All these factors have contributed and fueled the tensions between the two states (South Korea and the US), on one hand, where the US demands for the increase in payment is unfeasible for the South Korean government, its interest in joining China’s proposed multilateral trade agreement which doesn’t include the US and also doesn’t favor its free and open Indo pacific concept. So, it is not only Trump’s demand that has caused the rift but also the National interest of South Korea that is shaping the future of the alliance.
In international politics interest is permanent, alliances tend to form and dissolve, but states always keep their national interest their foremost priority. During Bush’s administration, the number of already stationed American troops at South Korea’s border was also reconsidered and during the 2000s a brigade of American troops was shifted from South Korea to the Middle east.
Similarly taking South Korea’s argument further increasing the payment doesn’t favor its national interest whereas signing an agreement to increase defense exchanges and establishment of military hotlines, an agreement that was signed between South Korean and Chinese defense ministers at a multilateral gathering in Southeast Asia is in the National interest of South Korea. Hence, the realist argument of power shaping the foreign policy choices holds to be true.
Prospects for the Future
If the US-ROK alliance deteriorates it has a lot of implications for ROK. According to President Moon Jae-in under his peacetime initiative, he stressed the ROK’s need for taking the driving seat and deal with the Korean Peninsula related issues on their own. After Trump’s threat to unleash “fire and fury”, on North Korea because of its nuclear test in 2017, President Moon urged on the urgent transfer of OPCON along with a bolstered ROK military to deter North Korea, he looks at it as an opportunity to transform South Korea into a Northeast Asian security hub and a security provider helping to stabilize the region. Defense reform 2.0 was initiated with aiming to reach OPCON criteria by 2022 for this average annual defense budget was increase to 7.5%.
Economic integration has always kept states from going into an open confrontation because North Korea is a common threat to both US and South Korea and to counter this the inter-Korean and ROK- China economic ties are a ray of hope to bring peace at the Korean peninsula. Because OPCON transfer has implications for South Korea to become a central counterpart in negotiations between ROK-DPROK and China so they might try to mitigate chances of open confrontation by integrating economically.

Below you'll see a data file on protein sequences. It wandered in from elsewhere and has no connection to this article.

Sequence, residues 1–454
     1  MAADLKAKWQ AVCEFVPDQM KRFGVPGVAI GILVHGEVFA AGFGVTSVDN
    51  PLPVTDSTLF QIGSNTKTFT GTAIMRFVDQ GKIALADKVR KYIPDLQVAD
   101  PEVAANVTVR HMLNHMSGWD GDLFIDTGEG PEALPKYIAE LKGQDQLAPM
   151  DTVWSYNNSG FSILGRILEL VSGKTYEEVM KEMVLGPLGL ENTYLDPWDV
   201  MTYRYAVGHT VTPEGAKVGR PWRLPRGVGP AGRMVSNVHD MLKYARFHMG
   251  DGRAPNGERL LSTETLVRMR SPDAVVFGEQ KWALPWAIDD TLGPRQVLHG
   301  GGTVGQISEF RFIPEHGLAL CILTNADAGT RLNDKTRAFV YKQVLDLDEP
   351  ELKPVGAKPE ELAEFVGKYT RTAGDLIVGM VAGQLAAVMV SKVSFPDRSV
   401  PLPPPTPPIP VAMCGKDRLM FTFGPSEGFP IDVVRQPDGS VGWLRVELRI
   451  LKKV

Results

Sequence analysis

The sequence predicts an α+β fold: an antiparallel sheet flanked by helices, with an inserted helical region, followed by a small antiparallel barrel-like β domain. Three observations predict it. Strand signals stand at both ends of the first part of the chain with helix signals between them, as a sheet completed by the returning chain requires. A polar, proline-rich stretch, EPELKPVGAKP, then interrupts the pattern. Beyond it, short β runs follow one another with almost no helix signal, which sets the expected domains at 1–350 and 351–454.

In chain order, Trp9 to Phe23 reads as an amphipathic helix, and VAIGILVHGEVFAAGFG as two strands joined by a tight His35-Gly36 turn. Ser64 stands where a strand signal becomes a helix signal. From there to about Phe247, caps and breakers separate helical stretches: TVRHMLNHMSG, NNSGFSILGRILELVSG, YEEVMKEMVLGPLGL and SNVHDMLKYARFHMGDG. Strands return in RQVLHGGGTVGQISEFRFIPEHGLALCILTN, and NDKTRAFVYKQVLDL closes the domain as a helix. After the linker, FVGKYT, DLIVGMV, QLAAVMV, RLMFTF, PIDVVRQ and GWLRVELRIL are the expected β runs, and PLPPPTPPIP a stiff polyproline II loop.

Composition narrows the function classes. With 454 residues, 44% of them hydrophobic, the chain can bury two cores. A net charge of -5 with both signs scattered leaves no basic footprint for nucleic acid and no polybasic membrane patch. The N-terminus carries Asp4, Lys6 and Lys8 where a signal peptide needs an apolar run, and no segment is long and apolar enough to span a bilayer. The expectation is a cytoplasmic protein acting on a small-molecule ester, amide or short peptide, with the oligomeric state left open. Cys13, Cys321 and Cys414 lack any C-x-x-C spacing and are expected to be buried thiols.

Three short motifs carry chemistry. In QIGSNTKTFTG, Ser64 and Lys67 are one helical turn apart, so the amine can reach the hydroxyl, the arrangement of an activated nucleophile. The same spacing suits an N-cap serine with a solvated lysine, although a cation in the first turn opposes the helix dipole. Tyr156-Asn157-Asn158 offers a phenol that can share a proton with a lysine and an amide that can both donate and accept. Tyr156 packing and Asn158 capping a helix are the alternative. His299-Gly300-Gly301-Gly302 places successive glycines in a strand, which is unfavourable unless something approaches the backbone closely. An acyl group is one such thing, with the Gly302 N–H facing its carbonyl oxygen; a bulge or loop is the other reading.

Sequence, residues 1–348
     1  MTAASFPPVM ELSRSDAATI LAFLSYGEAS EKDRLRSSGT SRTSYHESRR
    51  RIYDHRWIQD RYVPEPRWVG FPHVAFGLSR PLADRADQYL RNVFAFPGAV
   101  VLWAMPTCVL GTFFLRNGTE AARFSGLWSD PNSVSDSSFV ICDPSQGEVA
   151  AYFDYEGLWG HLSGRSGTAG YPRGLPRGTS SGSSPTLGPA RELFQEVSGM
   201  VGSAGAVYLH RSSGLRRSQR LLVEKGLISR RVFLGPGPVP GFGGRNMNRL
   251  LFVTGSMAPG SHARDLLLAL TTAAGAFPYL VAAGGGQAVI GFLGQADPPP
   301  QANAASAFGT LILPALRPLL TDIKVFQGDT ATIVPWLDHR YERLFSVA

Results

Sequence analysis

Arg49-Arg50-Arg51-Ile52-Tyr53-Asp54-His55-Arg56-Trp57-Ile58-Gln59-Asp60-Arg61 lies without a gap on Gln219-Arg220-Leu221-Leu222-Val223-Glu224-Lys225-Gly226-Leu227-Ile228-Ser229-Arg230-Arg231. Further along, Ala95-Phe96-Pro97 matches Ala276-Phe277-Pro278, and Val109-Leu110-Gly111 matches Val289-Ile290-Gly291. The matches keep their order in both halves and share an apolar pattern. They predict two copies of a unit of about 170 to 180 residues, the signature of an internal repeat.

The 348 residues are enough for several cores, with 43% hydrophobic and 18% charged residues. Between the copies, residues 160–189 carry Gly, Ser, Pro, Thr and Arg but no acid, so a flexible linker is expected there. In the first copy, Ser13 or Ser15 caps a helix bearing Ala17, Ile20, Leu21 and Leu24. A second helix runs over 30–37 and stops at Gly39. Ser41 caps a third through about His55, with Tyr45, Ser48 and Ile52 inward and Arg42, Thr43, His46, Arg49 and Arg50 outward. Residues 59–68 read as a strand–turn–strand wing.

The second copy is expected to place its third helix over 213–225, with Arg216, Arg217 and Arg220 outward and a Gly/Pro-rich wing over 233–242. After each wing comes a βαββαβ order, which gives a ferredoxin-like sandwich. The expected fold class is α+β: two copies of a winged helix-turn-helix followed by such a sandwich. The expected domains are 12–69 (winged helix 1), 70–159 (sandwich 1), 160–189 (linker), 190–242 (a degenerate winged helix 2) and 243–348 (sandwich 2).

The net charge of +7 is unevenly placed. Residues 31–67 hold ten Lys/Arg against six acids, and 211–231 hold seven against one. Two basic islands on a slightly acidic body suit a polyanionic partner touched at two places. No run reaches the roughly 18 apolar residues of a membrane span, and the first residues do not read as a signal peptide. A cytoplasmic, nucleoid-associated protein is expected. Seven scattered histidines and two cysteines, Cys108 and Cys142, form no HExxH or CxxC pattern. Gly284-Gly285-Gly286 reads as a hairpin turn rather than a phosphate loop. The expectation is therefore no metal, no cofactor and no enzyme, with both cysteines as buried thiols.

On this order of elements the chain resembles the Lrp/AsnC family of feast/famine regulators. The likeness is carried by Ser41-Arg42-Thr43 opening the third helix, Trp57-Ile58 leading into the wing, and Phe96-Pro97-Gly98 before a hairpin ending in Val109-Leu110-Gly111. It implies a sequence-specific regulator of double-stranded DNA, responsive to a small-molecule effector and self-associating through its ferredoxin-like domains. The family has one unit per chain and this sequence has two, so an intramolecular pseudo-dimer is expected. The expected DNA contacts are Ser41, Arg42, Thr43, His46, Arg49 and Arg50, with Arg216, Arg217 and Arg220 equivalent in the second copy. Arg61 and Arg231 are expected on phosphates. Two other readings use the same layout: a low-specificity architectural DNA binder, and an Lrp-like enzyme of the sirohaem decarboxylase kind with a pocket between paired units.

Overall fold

While talking about prospects for China replacing the US as ROK ally, taking Samuel Huntington’s “Clash of Civilization” into consideration according to which the fault lines between civilizations will be the battle lines of the future.
In his thesis by fault lines, he was referring to the ideological differences among different identities especially based on religion and ethnicity. But if we rephrase it based on Political ideology analyzing it in context of ROK and China, we are then able to evaluate that because the potential difference of their political-economic ideologies and historical ties (referring to Korean war times), the two states coming together on one table and form an alliance is nowhere to be seen. Also, even if the US-ROK alliance breaks, the passive influence of the US on ROK cannot be ignored and the belligerence of North Korea is a factor that cannot be disregarded. Taking reference from history, during the time of the Korean war when China fully backed North Korea. Mitigating relations to achieve mutual benefits is different, but forming an alliance is a whole different idea that requires commonality, and ROK and China have nothing common of that sort.
To conclude, it is quite clear that internal factors together with the external forces have influenced and shaped the relationship of both states. Internal factors involving the leadership together with state strengthening policies adopted by a different administration, and externally the common threats that have forced states to come together defending their mutual and sometimes unilateral interest. But now it is the global power shift is what is guiding their relationship.
With US forthcoming elections, even if Joe Biden wins the relationship between US, North Korea, and China is not going to be any different because we have always seen a consistency among US leaders and the policies even though Trump tried some major shifts but still no difference can be expected from Joe Biden who has always criticized Trump for not being tough enough. If the setback in an alliance is going to be permanent or temporary also depends on the threat perception perceived by the US and South Korean administration and the capability of ROK to put an end to anti- American sentiments within the state and also if it is able to achieve the conditions required for OPCON transfer till 2022.